Rep. Cord Byrd is leaving his House District 11 seat and running for Senate, leaving an opening that potential candidates are already looking to fill.
Personal injury lawyer Heath Brockwell announced his bid for the seat encompassing Nassau and eastern Duval Counties Wednesday via news release, continuing a trend of candidates launching very early in the 2022 cycle.
Brockwell, who practices in Jacksonville Beach and lives in Atlantic Beach, serves as the Jacksonville Beaches Bar Association treasurer. He is running as a constitutional conservative.
“Today, I am announcing my candidacy for the Florida House of Representatives, District 11,” Brockwell said. “District 11 deserves continued constitutional conservative leadership in Tallahassee that is paramount for Florida’s future success.”
The candidate offered another quote describing how he perceives his role if elected.
“Washington, D.C., is in ruins after this past election. Florida needs representatives in Tallahassee who will stand up to an overreaching federal government, and I am ready to fight for all of Florida’s citizens,” Brockwell contended.
He says family and friends urged him to run, and in an email, Brockwell stresses his deep beach roots.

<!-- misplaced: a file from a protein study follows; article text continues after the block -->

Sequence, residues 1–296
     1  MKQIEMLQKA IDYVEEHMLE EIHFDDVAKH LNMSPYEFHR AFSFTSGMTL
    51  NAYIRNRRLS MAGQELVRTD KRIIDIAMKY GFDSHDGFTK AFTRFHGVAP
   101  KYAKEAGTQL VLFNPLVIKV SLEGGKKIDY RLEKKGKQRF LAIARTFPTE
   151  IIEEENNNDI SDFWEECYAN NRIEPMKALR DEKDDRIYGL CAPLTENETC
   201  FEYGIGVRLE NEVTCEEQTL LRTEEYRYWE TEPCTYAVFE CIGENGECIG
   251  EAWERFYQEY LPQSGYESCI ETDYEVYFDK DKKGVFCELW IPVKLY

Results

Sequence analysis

“I have lived and worked at the beaches for over 25 years. I have represented countless clients in court and have owned a small business for the last 11 years. I believe my work experience and community involvement has provided me with a unique perspective to represent District 11 in Tallahassee.”
As a former Reserve Police Officer for the Jacksonville Sheriff’s Office, Brockwell says he prioritizes public safety issues.
“Floridians must feel safe and protected in their homes, at the beach, or in the grocery store. Public Safety is my No. 1 priority,” the candidate said.
Growing small businesses by cutting taxes and fees and fighting federal overreach are other priorities.
Zach Whitson is running the campaign, and, at least for now, there is no soft money political committee supporting his effort.
The current representative from House District 11, meanwhile, is staying neutral, he told us Wednesday.
Byrd has “no plans to endorse” in the primary, noting that there are “many qualified people who are interested in serving in the state House.”
The incumbent’s trajectory six years ago illustrates what it takes to win a state House seat in Northeast Florida. A lot of it is grassroots.
Byrd was elected in 2016, after a big-dollar donnybrook of a primary in which he overcame well-funded candidates, spending less per vote than the others.
The secret, he said, was ground game. He knocked on 10,000 doors ahead of the primary, an effort that likely will have to be matched by any serious candidate this time around.
Assuming House District 11 holds up under its current mapping for 2022, the real drama will be in the August Republican primary. Byrd won the general in the 2020 election by more than a two to one margin.